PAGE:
Interleukin (IL)-10 is a regulator of inflammatory responses and is secreted by a variety of different cell types including T cells. T regulatory cells have been shown to suppress immune responses by IL-10–dependent, but also IL-10–independent, mechanisms. Herein, we address the role of T cell–derived IL-10 in mice with an inactivation of the IL-10 gene restricted to T cells generated by Cre/loxP-mediated targeting of the IL-10 gene. Splenocytes from this T cell–specific mutant secrete increased amounts of proinflammatory cytokines after activation in vitro compared with show enhanced contact hypersensitivity reactions, and succumb to severe immunopathology upon infection with Toxoplasma gondii. Despite intact IL-10 genes in other cell types, the dysregulation of T cell responses observed in the T cell–specific IL-10 mutant closely resembles the phenotype in complete IL-10 deficiency. However, in contrast to complete IL-10 deficiency, sensitivity to endotoxic shock and irritant responses of the skin are not enhanced in the T cell–specific IL-10 mutant. Our data highlight the importance of T cell–derived IL-10 in the regulation of T cell responses and demonstrate that endotoxic shock and the irritant response of the skin are controlled by IL-10 from other cell types.
IL-10 is a regulator of inflammatory responses that limits damage to host tissue by effectors of the immune system in the course of responses to microbial pathogens (1). By inhibiting the activation of macrophages, IL-10 controls responses of the innate immune system. Furthermore, effects of IL-10 on antigen-presenting cells as well as direct suppressive effects on T cells modulate T cell responses by inhibiting Th1 cell differentiation and action (1). IL-10–deficient (IL-10−/−) mice mount exaggerated Th1 cell responses and spontaneously develop inflammatory bowel disease (IBD) as a result of an unbalanced response to environmental antigens (2). They also exhibit increased susceptibility to immunopathology upon parasitic and bacterial infection (3–6) or LPS exposure (7), as well as enhanced contact hypersensitivity reactions and irritant responses of the skin (8).
Originally identified as a Th2 cell–derived factor (9), IL-10 was later found to be secreted by a variety of haemopoietic cell types including activated macrophages (10, 11), dendritic cells (12–15), B cells (16–18), and mast cells (19). In addition, keratinocytes can be induced to secrete IL-10 by contact allergens (20) or UV irradiation (21). Human intestinal epithelial cells were reported to constitutively secrete the cytokine (22).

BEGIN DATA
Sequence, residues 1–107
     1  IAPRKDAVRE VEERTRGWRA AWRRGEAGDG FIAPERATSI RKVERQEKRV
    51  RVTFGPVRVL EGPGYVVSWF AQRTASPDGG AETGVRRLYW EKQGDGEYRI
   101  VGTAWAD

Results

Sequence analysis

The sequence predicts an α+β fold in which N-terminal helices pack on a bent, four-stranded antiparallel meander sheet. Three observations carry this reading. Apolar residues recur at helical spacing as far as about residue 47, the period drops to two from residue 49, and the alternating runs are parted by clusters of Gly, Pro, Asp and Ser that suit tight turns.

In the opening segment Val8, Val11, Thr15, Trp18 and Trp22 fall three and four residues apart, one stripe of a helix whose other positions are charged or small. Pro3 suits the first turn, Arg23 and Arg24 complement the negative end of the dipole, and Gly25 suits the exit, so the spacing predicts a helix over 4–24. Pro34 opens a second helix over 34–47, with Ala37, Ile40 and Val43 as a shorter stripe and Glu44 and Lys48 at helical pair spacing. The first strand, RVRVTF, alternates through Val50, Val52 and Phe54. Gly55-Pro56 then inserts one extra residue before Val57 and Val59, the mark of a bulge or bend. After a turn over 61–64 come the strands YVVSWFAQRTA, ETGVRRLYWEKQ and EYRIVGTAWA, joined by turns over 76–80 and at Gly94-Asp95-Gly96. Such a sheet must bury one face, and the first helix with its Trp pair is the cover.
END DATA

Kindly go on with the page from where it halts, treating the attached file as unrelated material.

Over the past few years, a number of different T cell subsets were identified as important regulators of immune responses (23, 24). The lack of the best characterized subset of regulatory T cells, the CD4+ CD25+ cells, in mice deficient for the transcription factor foxp3 results in severe inflammatory multiorgan disease (25–27). In IL-10–deficient mice, functionally active CD4+ CD25+ regulatory T cells are present (28) and in comparison to foxp3-deficient mice, IL-10−/− animals develop a less severe disease with a later onset. IL-10–dependent, but also IL-10–independent, suppressive effects mediated by regulatory T cells have been described in a variety of experimental systems (28–32). Thus, the relevance of T cell–derived IL-10 in the regulation of immune responses remains unclear.
To determine the role of T cell–derived IL-10 in vivo, we generated mice with a selective deficiency for IL-10 only in T cells by Cre/loxP-mediated gene targeting and compared T cell and innate immune responses of these animals to responses of mice with complete IL-10 deficiency. We found that although T cell responses were similarly enhanced in mice with T cell–specific or complete IL-10 deficiency in comparison to control animals, innate responses to LPS or irritation of the skin were deregulated under the condition of complete, but not in T cell–specific, IL-10 deficiency.
Materials And Methods
The targeting vector was constructed by cloning two genomic fragments of the murine IL-10 gene (long and short arm of homology) into plasmid peasy flox (provided by M. Alimzhanov, Harvard Medical School, Boston, MA) after a loxP site along with an additional PstI restriction site had been inserted into the long arm of homology. The linearized construct was transfected into Ola129-derived embryonic stem cells (IB-10). Homologous recombinants were analyzed for single copy integration of the targeting vector by Southern blot analysis and were transfected with ppgk-Cre for Cre-mediated deletion of the neomycin selection marker in vitro. Clones carrying the IL-10FL mutation were injected into CB20 blastocysts, which were then implanted into foster mothers. Chimeric offspring were mated to C57BL/6 mice and the F1 generation was screened for germline transmission of the mutation. Mice were kept in a specific pathogen-free facility. IL-10FL mice were crossed to C57BL/6 deleter Cre mice (33) and to CD4-Cre mice (34) on a mixed C57BL/6-DBA/2-129v/J background. All animal experimentation was performed in accordance with institutional guidelines.